Along this line, Drew Njirich, owner of Intermountain Helicopter in Sonora, California, points out that there is “no liability or risk to drone operators,” and, currently, “no way to come back to them,” if they cause an accident.  “You can buy (drones) on Amazon, and they are not registered to any person or authority,” he explained.  “Until drone operators have a sense of responsibility, it’s only a matter of time before they kill someone.”

CHI Aviation, Columbia Helicopters, Intermountain Helicopter, and Neptune Aviation Services are all members of AHSAFA, the Washington-based trade association representing the privately operated aerial firefighting industry before Congress, the US Forest Service, and other agencies tasked with responsibility for federal wild land and natural resources protection.

Rapid Response is Key as California Fire Season Explodes

In response to a proliferation of large fires throughout the far western US, Neptune Aviation Services has activated three BAe 146 air tankers, with just four day’s’ notice from the US Forest Service (USFS) under Call When Needed (CWN) agreements.  The tanker activations took place with the conclusion of maintenance carding inspections of the aircraft by the USFS, following the agency’s exercising of the agreements with Neptune on June 18.

“Two of the tankers were immediately deployed to Twin Falls, Idaho, and Redmond, Oregon, due to fire conditions in those areas,” said Dan Snyder, Chief Operating Officer of the Missoula, Montana-based company.  “The third has joined one of our P2Vs in Reno, Nevada, from which they are working on the Washington Fire.  That fire has destroyed more than 16,000 acres, to date, near Lake Tahoe.”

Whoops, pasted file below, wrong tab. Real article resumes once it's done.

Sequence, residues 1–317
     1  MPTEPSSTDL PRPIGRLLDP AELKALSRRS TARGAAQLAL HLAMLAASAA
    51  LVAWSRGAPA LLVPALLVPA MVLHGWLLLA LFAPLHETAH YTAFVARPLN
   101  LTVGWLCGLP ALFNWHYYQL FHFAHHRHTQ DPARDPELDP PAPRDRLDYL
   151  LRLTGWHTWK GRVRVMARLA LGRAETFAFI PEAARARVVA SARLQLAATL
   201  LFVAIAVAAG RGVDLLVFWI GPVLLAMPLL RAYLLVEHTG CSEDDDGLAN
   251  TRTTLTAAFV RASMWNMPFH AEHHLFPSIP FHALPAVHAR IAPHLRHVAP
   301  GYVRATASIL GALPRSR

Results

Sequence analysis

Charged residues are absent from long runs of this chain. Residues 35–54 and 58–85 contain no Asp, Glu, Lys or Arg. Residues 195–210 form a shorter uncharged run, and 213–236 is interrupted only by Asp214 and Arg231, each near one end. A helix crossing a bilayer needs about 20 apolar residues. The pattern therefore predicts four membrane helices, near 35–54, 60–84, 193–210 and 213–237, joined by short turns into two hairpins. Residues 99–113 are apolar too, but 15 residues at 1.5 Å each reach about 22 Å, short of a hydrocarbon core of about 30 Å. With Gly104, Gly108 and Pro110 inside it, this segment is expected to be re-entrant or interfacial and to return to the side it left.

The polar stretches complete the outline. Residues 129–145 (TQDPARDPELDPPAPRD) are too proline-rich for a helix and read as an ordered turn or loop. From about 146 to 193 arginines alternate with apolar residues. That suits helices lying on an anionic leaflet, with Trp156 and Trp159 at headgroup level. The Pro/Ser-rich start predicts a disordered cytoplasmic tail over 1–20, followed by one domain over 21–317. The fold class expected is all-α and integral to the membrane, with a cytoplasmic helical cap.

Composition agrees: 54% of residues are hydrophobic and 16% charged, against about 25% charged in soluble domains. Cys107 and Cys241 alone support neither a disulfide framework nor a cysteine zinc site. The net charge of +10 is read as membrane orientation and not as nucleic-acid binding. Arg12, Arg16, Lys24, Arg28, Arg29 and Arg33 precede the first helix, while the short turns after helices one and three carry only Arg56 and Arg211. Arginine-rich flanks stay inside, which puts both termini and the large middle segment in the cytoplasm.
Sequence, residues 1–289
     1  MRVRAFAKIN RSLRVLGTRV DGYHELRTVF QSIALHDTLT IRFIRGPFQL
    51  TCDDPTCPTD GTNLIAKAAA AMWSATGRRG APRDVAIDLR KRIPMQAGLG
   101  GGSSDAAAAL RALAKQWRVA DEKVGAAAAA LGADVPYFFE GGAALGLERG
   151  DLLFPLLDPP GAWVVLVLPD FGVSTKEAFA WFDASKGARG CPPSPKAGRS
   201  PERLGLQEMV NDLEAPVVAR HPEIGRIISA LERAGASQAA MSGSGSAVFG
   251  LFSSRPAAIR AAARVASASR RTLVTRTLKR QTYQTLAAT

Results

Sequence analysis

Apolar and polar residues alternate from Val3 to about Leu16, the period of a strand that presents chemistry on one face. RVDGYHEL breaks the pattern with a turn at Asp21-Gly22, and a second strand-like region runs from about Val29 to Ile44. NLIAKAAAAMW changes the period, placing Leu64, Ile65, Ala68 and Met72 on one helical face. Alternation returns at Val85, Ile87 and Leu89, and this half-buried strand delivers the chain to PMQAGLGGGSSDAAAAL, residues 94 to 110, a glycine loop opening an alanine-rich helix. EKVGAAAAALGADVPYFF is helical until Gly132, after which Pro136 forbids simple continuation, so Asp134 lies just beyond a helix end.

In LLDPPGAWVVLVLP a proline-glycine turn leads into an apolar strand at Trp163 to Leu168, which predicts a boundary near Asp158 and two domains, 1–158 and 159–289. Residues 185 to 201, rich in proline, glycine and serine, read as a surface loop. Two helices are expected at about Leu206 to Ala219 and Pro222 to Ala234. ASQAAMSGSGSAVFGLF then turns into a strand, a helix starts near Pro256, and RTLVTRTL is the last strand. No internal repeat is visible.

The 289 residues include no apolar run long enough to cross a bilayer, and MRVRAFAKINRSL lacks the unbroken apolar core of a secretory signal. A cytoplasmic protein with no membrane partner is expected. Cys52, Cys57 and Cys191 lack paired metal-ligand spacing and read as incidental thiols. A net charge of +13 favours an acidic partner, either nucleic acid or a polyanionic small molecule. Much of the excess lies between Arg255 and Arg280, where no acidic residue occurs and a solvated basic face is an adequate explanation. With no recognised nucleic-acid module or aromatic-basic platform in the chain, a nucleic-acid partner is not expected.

Snyder added that a fourth Neptune-operated BAe 146 could be activated within days.  “Assuming that all four go on duty this week, Neptune Aviation will have 11 aircraft actively engaged on fires.”  That, he reported, would include a BAe 146 flying under an exclusive use contract in Alaska, as well as three P2Vs currently working the Lake Fire in Southern California, out of a USFS tanker base in San Bernardino, and also under exclusive use contracts.

The Lake Fire is, in fact, the largest inferno of the 2015 California fire season, so far, as it continues to burn through the San Bernardino National Forest, just east of Los Angeles.  The fire, which broke out on June 17, has already scorched nearly 19,000 acres.

“After a slow start to the fire season, we are suddenly seeing an explosion of fires throughout California,” Snyder observed.

As fires in the western United States have proliferated, Rogers Helicopters of Fresno, California, has mobilized two Bell 212s for water dropping and fire fighter transport. “One helicopter is working on the Lake Fire out of Big Bear, while another has been deployed to Minden, Nevada,” said Robin Rogers, the company’s Vice President.  He added that two of its Aero Commander fixed wing twin turboprops, used in air traffic command and control missions, have also been activated.  One is operating out of Grass Valley, northeast of Sacramento, California, and another is working from the company’s Fresno base, on the Corrine Fire in Madera County, California.

“Unfortunately, the dire predictions regarding the 2015 fire season are coming true.  Ongoing drought conditions are continuing to provide the greatest fire danger levels throughout the far western states, especially California,” said George Hill, executive director of the American Helicopter Services And Aerial Firefighting Association (AHSAFA) in Washington, D.C.  “Privately operated aerial tanker and helicopter companies provide the rapid response needed to meet the challenge of what is already becoming a season of multiple large fires. Contractual vehicles such as the CWN agreements allow the USFS to rapidly activate and employ all of the resources available.”

Neptune Aviation Services and Rogers Helicopters are members of AHSAFA, the Washington-based trade association representing the private aerial firefighting companies before Congress, the US Forest Service, and other agencies with responsibility for wild land management.